9. Both Gupta and Kishori Lal were examined in rebuttal as D Ws. 16 and 17. They categorically discounted the story of the petitioner. Gupta's statement was supported by the entries in his official diary according to which on 7-2-1972, he was travelling between Kumarsain and Jarol in a truck. On that day he never went anywhere in a jeep. Kishori Lal stated that he did not even know who Gupta was and never travelled with him. Sirkek was, admit tedly, related to Bhalaik and was his principal worker in the election compaign. Both were highly interested witnesses and there was absolutely no corroboration of their statements and there was absolutely no corroboration of their statements from an independent source. As against them, there was no ground to disbelieve the version of D.W. 16 which had been confirmed by the official records and the authenticity of which had not been challenged. It was thus rightly that the appellant bad utterly failed to substantiate these allegations.

10. It was further alleged that on 8-2-1972 and 9-2-1972, Sirkek and Bhalaik met Kishori Lal at the Coffee House, Simla and had a talk with him. During that talk Kishori Lal confessed that all his election expenses were being borne by Khachi.

11. Again on this point, the only evidence adduced consisted of the oral statements of Sirkek and Bhalaik. Admittedly, Kishori Lal was a nominee of the Communist Party of India. This circumstances itself goes a long way to falsify the assertion of the appellant that Kishori Lal had been set up by Khachi. Moreover, there was no good reason to disbelieve the sworn word of Kishori Lal that his election was being financed by the C.P.I. Thus this allegation also remained unsubstantiated.

12. Next is the charge of that on 24-2-1972, Khachi went to the temple of Devta Kalu Nag at Jadun. He offered eleven Rupees to the deity. Gur is the medium through whom the deity conveys his commands. Khachi utilized the services of Chet Ram Gur (P. W. 12) for conveying the commands of the deity that the devotees should vote for Khachi. According to the averments in the petition Chet Ram Gur distributed the chavals (rice) in villages Barru, Kathla, Roni and Kelvi among the worshippers of Devta Kalu Nag in token of conveying a message of the Devta that the recipients should vote for Khachi. In the ease of those voters who refused to receive the token, the Gur threw the rice in their houses indicating that if they did not vote for Khachi, they would be visited by the deity's displeasure.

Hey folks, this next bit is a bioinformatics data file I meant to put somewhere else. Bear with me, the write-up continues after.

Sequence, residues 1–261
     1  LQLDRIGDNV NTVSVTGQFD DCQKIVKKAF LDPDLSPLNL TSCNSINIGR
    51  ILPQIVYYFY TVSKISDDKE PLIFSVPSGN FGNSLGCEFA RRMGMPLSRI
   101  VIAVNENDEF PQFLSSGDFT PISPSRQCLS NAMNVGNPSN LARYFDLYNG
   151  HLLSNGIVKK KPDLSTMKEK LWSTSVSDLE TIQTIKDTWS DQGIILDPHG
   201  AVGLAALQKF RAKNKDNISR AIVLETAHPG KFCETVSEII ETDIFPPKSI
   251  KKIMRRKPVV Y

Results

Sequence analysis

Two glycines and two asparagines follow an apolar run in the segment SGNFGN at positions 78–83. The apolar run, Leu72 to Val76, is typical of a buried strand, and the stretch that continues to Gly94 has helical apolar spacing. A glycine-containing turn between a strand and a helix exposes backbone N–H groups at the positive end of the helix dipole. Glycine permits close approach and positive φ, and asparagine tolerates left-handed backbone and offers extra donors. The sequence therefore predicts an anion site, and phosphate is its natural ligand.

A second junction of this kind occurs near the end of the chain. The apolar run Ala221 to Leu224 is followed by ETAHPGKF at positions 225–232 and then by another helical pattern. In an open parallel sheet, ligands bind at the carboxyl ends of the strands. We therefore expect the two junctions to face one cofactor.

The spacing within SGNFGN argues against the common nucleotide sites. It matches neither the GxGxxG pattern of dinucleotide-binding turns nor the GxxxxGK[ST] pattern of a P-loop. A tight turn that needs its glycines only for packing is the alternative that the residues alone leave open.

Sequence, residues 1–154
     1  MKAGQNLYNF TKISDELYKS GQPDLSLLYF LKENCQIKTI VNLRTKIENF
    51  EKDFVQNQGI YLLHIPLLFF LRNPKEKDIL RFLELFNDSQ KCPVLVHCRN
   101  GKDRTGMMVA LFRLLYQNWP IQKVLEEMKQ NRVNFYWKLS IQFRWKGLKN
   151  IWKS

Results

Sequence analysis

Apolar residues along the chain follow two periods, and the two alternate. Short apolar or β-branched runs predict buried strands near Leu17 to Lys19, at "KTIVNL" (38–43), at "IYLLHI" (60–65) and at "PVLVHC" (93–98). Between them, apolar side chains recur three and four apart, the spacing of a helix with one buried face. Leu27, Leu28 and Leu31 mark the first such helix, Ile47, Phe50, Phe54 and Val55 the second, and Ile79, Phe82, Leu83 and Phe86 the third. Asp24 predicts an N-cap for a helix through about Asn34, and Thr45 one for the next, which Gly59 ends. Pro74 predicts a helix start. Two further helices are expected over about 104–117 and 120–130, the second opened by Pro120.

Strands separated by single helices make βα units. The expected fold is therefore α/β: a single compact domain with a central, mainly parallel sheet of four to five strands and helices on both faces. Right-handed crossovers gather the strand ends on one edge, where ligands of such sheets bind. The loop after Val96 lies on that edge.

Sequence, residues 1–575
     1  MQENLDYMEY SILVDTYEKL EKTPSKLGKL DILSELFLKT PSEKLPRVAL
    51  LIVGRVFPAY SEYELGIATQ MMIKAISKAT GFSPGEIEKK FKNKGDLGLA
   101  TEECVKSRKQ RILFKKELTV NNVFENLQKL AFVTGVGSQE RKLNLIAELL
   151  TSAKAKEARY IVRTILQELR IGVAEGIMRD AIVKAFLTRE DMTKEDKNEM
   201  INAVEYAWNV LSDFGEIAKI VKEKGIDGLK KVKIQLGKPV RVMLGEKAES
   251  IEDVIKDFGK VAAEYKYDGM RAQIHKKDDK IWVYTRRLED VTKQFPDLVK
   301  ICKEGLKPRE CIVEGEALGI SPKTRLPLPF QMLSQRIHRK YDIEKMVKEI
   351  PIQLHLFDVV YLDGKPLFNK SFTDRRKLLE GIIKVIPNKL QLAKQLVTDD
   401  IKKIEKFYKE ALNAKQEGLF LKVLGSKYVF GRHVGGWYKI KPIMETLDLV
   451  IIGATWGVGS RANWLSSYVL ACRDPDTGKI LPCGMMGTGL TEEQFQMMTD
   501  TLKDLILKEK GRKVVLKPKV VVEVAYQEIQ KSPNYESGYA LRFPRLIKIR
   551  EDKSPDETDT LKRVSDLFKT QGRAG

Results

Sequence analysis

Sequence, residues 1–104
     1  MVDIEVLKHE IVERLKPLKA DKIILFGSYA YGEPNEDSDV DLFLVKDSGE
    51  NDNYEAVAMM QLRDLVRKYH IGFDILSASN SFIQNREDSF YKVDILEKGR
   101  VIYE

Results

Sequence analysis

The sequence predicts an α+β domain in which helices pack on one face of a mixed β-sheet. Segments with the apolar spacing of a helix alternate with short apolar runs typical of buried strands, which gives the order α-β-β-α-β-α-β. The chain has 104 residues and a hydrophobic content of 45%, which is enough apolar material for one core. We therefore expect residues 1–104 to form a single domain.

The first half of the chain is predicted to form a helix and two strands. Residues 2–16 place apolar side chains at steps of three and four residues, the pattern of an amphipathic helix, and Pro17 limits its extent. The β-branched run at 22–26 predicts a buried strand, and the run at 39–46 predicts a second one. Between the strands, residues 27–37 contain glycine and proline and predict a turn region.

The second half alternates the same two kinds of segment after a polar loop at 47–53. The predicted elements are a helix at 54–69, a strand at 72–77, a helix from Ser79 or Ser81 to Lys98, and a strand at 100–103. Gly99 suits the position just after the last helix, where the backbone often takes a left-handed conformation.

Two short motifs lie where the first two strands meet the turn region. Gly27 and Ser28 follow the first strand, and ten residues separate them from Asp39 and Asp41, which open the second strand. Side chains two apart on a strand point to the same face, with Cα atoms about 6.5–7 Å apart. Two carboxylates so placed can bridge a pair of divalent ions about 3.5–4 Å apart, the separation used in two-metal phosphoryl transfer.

13. To prove this allegation, the petitioner examined Atma Ram (PW.11) Chet Ram Gur (P.W. 12), Jwala Parshad (P.W.16) and Sadh Ram (P.W. 25). Bhalaik also repeated this allegation in the witness stand.

14. In our opinion, the very story of distribution of chavals by the Gur from house to house in the manner alleged was improbable. The High Court has held, and quite rightly, that such distribution was not in keeping with the practice of Devta Kalu Nag.

15. Khachi testified that distribution of 'chavals' to the devotees is a ritual of blessing performed by the Gur in the temple itself and that such tokens of benediction on behalf of the deity are never given away from the temple to persons in furtherance of a private purpose. On this point, Khachi's statement receives confirmation from no less a person than Jwala Parshad a retired District Magistrate, examined as PW.16 by the petitioner. Jwala Parshad stated that 'chavals' are distributed only in the presence of the deity within the temple itself.

16. P.W 12 Chet Ram claimed to be the Gur of Devta Kalu Nag. He stated that he had distributed 'chavals' among the worshippers of the Devta in villages Kelvi, Barhu, Kathla and Rihmi, at the instance of Khachi as the latter had promised to 'please' the former. If any of those persons refused to accept the 'chavals', the witness placed them in his house. In this quaint fashion, the witness placed them in his house. In this quaint fashion the witness claims to have influenced in the name of the deity about 200 or 300 electors to vote for Khachi.

17. In cross-examination, he named nine persons to whom, the 'chavals' were offered Out of them, only one, namely, P.W Atma Ram has been examined. This Atma Ram is none other than the paternal uncle of Chet Ram. In an unguarded moment Chet Ram unwrittingly admitted that P.W.II Atma Ram was a Congress man, although he tried to recent it sub-sequently. It was further elicited from Chet Ram, in cross-examination, that P.W. Sadh Ram Ex-M.L.A. was a Congress worker and belonged to his bro therhood. Chet Ram further conceded that he did not know Khachi previously. He was then asked what was the reward in consideration of which he had allegedly gone from house to house to distribute 'chavals' to canvass votes for Khachi in the name of Devta. He could not give a satisfactory answer. He prevaricated. He ultimately said that he was not seeking any reward from Khachi for himself. It is difficult to believe that version. In this highly commercial age, even a Gur or priest of a temple is not expected to do as Chet Ram claims to have done, without any reward or consideration of a temporal nature or promise of material gain. On the other hand, there was reason to suspect that he was coming forward to support the charge leveled by the petitioner, under the influence of P.W. Sadh Ram.